William Henry Trinder
William was a Feniscowles lad born and bred but his Dad,
Albert, had moved to here from Whitchurch and his Mum, Judith was a Darrener.
He had two brothers, Albert and Thomas and two sisters Emily and Jane. He was
born on the 29th March 1898 and baptized by the Rev. Gallaher here in Immanuel
Church on the 24th April 1898. He first lived on Fernleigh and then moved into
Laurel Bank Terrace on Moulden Brow when his Dad got a job in the Sun Paper
As in those days you had to pay to go to school he didn’t
start at Feniscowles School until the 2nd of September 1907 when he was nine
years old. He only stayed at the school until he was 13 when he left to go into
domestic work, perhaps in the ‘Big Hall’. While he was at school, it was based
in the lower hall, and while he was there the upper hall was added to the
building. On a Sunday there would have been about 150 to 200 children at the
Sunday school but this number dropped to about forty during the week.
World War One broke out when he was sixteen years old and at
sometime later he went to Preston and signed up. Now you were supposed to be
eighteen before you could join the army and nineteen before you could go
overseas but it is well known that lots of underage boys joined up. Lots of the
service records from WW1 were destroyed in WW2 so we don’t know when he joined
up but we do know from his medal card that he served in two regiments, the
King’s Liverpool and the 9th Btn Royal Welsh.
It was with the Royal Welsh, based in Wrexham that he went
overseas to Belgium. How he joined them we have no idea but, as lots of
regiments went from two or three peace time battalions to thirty or forty war
time battalions, men were sent anywhere and everywhere they were needed.
Although they were based in Wrexham they did a lot of their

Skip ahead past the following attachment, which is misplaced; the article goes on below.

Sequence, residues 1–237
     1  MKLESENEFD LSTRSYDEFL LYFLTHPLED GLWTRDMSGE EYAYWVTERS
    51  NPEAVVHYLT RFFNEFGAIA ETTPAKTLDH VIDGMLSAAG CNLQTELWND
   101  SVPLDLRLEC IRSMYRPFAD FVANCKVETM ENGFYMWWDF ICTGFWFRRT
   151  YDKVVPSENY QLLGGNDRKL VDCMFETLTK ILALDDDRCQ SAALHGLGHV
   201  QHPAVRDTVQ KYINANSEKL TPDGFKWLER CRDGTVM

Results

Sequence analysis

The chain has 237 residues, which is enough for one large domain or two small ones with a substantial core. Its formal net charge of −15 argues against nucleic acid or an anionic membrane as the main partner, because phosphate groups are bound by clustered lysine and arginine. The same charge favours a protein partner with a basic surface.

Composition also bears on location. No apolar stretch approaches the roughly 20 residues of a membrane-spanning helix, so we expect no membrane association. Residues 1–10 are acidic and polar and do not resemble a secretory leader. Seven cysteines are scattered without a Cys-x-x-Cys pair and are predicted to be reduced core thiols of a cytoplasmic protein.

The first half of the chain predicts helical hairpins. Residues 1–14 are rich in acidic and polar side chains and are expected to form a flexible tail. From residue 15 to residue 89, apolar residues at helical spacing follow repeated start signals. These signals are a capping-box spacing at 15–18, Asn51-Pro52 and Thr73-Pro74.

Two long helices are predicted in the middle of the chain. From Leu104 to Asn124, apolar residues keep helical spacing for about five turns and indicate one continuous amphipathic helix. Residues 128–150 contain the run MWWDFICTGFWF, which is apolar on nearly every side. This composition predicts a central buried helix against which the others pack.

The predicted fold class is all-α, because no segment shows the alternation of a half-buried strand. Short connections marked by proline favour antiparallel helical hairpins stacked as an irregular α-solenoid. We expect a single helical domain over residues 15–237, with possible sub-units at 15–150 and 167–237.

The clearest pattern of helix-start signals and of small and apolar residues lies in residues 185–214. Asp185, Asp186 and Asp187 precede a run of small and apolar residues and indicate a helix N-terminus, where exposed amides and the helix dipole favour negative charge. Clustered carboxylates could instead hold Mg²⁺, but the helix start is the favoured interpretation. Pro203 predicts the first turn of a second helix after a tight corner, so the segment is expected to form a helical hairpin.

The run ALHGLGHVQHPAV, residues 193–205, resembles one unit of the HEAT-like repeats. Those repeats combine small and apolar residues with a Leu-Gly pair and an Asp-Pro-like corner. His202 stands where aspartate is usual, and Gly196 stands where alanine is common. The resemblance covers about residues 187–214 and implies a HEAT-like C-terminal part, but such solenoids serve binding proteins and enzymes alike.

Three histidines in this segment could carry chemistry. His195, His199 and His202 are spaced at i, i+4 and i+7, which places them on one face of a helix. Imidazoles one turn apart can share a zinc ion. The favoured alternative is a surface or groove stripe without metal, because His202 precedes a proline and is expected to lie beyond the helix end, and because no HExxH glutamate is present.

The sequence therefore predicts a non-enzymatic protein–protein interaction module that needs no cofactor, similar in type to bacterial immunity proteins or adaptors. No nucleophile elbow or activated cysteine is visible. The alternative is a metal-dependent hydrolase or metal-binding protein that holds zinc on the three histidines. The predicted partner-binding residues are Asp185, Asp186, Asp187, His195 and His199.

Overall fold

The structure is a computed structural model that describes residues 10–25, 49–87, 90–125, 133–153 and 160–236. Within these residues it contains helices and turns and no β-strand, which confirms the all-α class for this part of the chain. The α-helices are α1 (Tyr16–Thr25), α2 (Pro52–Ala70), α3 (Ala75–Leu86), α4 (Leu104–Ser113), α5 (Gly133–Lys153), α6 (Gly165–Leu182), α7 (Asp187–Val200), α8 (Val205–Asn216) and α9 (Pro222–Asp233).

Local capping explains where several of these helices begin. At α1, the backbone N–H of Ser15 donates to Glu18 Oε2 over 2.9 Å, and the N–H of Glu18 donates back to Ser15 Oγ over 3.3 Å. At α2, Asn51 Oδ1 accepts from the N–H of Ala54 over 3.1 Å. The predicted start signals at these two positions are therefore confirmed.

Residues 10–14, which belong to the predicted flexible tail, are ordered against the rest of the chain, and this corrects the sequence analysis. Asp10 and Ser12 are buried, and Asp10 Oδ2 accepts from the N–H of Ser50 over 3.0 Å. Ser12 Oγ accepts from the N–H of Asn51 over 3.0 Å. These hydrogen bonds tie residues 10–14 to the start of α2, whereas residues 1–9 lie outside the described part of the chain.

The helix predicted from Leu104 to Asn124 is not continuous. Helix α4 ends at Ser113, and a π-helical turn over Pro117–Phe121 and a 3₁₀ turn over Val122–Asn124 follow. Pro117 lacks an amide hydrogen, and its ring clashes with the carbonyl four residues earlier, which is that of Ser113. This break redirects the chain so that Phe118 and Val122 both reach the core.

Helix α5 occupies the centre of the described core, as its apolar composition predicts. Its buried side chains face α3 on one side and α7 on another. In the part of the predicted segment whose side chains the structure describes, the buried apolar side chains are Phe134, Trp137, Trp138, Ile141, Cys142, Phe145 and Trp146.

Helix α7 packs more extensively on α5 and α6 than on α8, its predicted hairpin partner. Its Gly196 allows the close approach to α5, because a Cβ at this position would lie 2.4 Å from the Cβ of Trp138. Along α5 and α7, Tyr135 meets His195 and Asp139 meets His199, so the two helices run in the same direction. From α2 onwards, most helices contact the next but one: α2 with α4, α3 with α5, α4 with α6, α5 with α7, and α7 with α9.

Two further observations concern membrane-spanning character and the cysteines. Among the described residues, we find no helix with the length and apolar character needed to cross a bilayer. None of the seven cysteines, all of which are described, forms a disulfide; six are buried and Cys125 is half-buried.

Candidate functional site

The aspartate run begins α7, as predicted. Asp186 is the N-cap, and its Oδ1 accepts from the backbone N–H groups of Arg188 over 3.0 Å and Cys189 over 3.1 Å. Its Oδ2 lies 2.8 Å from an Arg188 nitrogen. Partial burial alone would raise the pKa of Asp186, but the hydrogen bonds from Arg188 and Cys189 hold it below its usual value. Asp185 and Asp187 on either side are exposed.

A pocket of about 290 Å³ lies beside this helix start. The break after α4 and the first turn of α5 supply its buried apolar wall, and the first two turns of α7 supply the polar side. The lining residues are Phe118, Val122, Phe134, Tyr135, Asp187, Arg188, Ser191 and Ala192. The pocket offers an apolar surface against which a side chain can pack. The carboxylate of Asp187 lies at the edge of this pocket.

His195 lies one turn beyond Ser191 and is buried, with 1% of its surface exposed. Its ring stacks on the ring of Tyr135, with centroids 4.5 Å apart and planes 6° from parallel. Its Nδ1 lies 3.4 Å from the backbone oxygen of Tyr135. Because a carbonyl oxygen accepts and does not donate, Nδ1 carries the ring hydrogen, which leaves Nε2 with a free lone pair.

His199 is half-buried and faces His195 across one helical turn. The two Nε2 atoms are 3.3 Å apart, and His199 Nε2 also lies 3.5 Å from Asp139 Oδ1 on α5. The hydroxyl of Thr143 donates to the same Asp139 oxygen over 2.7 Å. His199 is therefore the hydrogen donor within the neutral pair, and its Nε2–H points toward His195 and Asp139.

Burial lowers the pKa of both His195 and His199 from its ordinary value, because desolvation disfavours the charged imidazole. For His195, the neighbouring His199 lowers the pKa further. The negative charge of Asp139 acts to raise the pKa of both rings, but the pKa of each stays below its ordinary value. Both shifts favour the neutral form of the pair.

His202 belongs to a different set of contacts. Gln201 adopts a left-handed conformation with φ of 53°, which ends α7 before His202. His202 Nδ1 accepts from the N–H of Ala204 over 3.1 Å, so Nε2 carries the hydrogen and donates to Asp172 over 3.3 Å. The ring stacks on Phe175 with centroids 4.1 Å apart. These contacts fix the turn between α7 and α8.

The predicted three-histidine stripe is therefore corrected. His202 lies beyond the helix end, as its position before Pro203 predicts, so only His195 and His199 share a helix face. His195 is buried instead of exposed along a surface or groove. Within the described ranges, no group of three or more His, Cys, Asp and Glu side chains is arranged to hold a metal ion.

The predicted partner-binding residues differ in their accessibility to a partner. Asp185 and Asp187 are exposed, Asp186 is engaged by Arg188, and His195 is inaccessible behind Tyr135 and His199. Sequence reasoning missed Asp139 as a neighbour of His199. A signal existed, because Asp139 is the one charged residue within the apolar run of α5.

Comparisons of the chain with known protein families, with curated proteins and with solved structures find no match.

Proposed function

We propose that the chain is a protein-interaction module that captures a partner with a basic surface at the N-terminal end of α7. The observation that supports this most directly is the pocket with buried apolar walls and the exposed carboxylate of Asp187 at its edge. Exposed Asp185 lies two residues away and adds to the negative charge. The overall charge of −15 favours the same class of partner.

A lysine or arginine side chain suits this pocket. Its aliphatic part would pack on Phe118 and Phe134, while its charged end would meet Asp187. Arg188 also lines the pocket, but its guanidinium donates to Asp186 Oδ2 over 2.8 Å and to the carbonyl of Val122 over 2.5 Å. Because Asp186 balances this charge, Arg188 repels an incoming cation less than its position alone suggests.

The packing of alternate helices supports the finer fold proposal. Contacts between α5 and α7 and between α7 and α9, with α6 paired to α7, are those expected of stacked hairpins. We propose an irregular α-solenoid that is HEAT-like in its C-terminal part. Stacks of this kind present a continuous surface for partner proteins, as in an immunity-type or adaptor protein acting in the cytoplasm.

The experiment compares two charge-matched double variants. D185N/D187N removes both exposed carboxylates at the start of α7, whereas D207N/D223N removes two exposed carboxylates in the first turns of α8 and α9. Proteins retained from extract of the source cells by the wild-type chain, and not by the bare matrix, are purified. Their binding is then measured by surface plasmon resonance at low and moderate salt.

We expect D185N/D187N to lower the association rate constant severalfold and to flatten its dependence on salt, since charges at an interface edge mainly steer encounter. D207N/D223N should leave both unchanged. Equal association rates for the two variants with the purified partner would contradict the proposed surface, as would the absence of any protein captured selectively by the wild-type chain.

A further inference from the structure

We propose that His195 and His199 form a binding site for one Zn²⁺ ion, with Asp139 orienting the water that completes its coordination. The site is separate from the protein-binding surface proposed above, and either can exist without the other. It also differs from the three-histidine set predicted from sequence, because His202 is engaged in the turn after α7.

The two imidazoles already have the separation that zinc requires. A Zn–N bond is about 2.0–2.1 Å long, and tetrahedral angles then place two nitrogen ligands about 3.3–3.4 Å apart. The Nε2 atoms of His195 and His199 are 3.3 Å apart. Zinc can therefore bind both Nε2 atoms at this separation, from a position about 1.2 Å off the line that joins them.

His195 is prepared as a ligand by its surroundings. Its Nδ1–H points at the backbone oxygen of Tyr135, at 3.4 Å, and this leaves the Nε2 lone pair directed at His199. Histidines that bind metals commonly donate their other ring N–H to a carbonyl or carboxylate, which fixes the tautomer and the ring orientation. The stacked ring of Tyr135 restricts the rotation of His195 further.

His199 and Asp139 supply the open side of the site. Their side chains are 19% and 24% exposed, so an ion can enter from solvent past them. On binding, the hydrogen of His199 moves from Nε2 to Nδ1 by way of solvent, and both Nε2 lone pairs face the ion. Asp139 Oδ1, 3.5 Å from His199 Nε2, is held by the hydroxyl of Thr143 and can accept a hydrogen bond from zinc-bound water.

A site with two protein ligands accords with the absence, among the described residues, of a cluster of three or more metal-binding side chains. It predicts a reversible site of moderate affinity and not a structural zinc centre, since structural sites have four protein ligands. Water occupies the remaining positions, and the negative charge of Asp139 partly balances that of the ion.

training at Tidworth Camp on Salisbury Plain. These was a permanent camp, but
as there was large numbers of men going through most of them were billeted in
tents and when the rain came it soon turned in a quagmire, perhaps a foretaste
of what was to come.
The 9th Battalion embarked at Southhampton and sailed to
France and landed at Boulogne during July 1915. From there they moved up to the
area of Le Croix Barbet which was just to the south of Ypres but in France. The
different battalions would rotate and have several days on the front line and
then maybe ten days in the rear where they would continue with training and
getting equipment sorted out.
Tthe 3rd battle of Ypres or what is more commonly know as
Passchendaele was found from July to November 1917 with lots of attacks and
counter attacks. This was fought on marshy, low lying ground that was turned
into a sea of mud and most of the iconic pictures of the trenches and mud came
from this area.
Below is an extract from the battalion diary from the 20th
Zero hour was at
5.40am. The battalion was in Brigade Reserve.
At 12.30 ‘B’ company reinforced the front line at Hessian Wood P.I.C.28
2.30pm ‘D’ coy. Reinforced front line on right of ‘B’ coy.
Btn. headquarters was established in IMPERFECT COPSE. I 36
with ‘C’ coy in reserve
These positions were held during the night.
The battalion remained in the same position all night when
the front line was readjusted and then handed over to the 56th Infantry
The total casualties for the 20th and 21st were
Officers wounded 2/lieut H R Davies, 2/lieut N A Buck and
Lieut J W Phillips
Other ranks Killed
21 (including 7 died from wounds)
If this all seems a bit callious you have to remember that
these death were on only one day and during the 3rd Battle for Ypres there was
a total of 857,100 dead or wounded.
William was one of the 21 killed on the 20th and his body
was never found. He is recorded on the Tyne Cot
Memorial near Ypres one of the 33,783 men from the British Forces in
this area, who’s bodies were never found. 1176 New Zealanders are also recorded
there. He is on Panel 93/94.